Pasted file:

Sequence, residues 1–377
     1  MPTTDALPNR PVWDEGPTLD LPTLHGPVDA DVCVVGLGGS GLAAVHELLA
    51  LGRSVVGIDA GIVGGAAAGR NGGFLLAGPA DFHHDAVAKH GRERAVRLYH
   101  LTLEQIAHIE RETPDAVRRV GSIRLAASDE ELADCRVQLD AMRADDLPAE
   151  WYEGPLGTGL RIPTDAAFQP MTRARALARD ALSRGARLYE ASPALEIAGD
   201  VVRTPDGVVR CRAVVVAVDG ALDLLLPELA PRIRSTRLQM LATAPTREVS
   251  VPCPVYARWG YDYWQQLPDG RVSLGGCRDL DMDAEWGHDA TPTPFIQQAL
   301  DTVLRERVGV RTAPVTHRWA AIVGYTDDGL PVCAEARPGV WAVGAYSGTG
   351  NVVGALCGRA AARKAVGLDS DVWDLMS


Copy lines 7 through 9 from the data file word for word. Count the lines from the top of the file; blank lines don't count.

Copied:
   251  VPCPVYARWG YDYWQQLPDG RVSLGGCRDL DMDAEWGHDA TPTPFIQQAL
   301  DTVLRERVGV RTAPVTHRWA AIVGYTDDGL PVCAEARPGV WAVGAYSGTG
   351  NVVGALCGRA AARKAVGLDS DVWDLMS